The state attorney general’s office also is investigating alleged bid-rigging at SUNY Polytechnic Institute in Albany, which has ties to the photonics center here. SUNY Polytechnic last year appointed Duffy to lead the AIM Photonics Leadership Council.
“I’ve heard nothing to indicate any slowdown of investment,” Duffy says of what impact, if any, the investigations would have locally. “I tend (to) hope it’s not true at all because I know them. And I know them in a very good way and they’re good people. I’m not worried about investment changing. I’m not worried about it slowing down.”
When Duffy talks about public disagreements, he notes the Renaissance Square debacle, a project he and many others were in favor of, but which was downsized by City Council and then quashed by then County Executive Maggie Brooks in 2009.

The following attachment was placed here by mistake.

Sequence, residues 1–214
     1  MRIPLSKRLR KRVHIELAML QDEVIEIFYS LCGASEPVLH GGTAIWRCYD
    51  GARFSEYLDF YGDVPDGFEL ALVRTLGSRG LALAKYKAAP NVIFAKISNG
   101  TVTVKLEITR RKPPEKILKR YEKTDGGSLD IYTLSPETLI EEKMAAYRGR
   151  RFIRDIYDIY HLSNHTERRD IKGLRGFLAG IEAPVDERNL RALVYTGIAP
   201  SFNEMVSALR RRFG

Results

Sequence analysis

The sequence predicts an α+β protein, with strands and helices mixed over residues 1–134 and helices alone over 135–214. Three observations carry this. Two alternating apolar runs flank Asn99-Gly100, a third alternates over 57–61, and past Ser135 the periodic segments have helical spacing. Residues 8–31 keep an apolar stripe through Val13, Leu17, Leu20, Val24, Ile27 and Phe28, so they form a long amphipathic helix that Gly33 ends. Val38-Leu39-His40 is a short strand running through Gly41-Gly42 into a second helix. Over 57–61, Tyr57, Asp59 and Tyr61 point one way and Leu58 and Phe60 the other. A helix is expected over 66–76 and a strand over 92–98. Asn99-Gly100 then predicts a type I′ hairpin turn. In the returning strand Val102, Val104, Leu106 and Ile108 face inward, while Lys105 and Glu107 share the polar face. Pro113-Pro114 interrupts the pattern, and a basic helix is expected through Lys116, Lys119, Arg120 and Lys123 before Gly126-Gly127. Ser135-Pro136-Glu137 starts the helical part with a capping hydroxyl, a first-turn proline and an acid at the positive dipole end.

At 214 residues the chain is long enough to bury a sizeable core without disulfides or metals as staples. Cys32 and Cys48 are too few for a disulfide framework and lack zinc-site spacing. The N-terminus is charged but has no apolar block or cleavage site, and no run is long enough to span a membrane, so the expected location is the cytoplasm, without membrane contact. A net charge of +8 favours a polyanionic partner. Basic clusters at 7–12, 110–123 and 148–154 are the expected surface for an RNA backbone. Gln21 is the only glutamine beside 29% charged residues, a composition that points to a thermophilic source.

“Major projects often come to a slow death here in Rochester for sometimes political disagreements, Renaissance Square being one. The casino discussion is coming up soon,” he says. “I find that a lot of projects will come up (and) those that oppose the project will often be upset when nothing happens on that site five or six or eight or 10 years later. I thought Renaissance Square was a classic example of that.”
Rochester Chamber has some of the same objectives that for-profit organizations do: increase membership and net revenues. But its most important goal is service, Duffy says.
“We can look for metrics to help companies grow, help them be successful, help them grow their revenues and create more customers, help them address some of the challenges they have,” he says.